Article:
Syllabus

SCHOOL OF AERONAUTICS

In Flight Training For Cabin Crew Is Available As Per Details Mentioned Here.

LEADERS IN AVIATION INDUSTRY

ESTD: 1992-25 YEARS OF GLORIOUS SERVICE TO AVIATION INDUSTRY

CABIN CREW TRAINING SYLLABUS

 

CABIN CREW TRAINING

Each student for cabin crew, receives training on:

1. Duties & Responsibilities (Theory)

  • The importance of cabin crew performing their duties in accordance with the Training Manual/Operation Manual;
  • Continuing competence and fitness to operate as a cabin crew member with special regard to flight and duty time limitations and rest requirements;
  • An awareness of the aviation regulations relating to cabin crew and the role of the Authority;
  • General knowledge of relevant aviation terminology, theory of flight, Phases of flight, Sterile flight deck, passenger distribution, meteorology and areas of operation;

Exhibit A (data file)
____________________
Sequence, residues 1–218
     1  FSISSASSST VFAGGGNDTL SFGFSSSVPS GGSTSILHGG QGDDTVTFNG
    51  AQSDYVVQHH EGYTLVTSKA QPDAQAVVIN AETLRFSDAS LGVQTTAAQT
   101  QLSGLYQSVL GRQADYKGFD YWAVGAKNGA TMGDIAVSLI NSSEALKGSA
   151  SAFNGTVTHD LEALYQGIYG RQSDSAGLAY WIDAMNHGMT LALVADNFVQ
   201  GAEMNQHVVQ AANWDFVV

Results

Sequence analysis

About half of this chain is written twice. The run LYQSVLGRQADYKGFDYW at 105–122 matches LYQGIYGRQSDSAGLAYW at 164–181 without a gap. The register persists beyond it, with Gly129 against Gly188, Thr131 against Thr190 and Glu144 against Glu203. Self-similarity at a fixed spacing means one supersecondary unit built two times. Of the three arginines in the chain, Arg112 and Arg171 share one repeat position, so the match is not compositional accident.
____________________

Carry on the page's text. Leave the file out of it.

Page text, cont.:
• Pre-flight briefing of the cabin crew and the provision of necessary safety information with regard to their specific duties;
  • The importance of ensuring that relevant documents and manuals are kept up-to date with amendments provided by the operator;
  • The importance of identifying when cabin crew members have the authority and responsibility to initiate an evacuation and other emergency procedures; and
  • The importance of safety duties and responsibilities and the need to respond promptly and effectively to emergency situations covering silent review to be done by Cabin Crew during take-off and landing.

 

2. Communication (Theory)

Importance of effective communication between cabin crew and flight crew including technique, common language and terminology.

 

3. Passenger Handling (Theory)

Training for passenger handling will include the following:

  • Advice on the recognition and management of passengers who are, or become, intoxicated with alcohol or are under the influence of drugs or are aggressive;